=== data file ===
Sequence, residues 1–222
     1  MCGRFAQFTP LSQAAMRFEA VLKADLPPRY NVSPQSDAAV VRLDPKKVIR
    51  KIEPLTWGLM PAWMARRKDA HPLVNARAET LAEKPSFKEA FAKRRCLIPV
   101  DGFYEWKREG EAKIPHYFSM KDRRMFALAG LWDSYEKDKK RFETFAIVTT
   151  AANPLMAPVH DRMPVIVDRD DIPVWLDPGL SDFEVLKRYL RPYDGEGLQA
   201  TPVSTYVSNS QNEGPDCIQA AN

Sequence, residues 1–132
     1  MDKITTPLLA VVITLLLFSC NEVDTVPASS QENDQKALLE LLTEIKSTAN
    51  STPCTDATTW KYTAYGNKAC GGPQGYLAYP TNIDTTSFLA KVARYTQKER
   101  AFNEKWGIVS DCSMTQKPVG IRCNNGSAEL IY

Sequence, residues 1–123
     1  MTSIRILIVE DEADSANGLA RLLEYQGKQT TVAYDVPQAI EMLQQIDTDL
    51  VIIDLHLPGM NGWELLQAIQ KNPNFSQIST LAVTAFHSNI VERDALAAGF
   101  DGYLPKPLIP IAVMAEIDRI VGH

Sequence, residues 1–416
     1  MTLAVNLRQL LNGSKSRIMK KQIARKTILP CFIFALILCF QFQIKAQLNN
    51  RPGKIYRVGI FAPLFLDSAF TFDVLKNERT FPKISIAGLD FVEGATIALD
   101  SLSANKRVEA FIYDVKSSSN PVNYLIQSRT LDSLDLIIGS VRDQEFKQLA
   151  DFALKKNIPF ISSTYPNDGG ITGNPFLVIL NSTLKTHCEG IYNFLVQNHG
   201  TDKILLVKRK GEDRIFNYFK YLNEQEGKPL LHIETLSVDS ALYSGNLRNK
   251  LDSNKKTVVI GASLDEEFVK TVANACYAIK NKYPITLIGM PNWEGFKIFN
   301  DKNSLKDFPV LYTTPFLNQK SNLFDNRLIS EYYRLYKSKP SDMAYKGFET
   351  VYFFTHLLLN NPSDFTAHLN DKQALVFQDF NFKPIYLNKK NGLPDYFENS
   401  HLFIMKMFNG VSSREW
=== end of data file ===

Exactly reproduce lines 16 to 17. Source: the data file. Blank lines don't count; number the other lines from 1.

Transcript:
     1  MTLAVNLRQL LNGSKSRIMK KQIARKTILP CFIFALILCF QFQIKAQLNN
    51  RPGKIYRVGI FAPLFLDSAF TFDVLKNERT FPKISIAGLD FVEGATIALD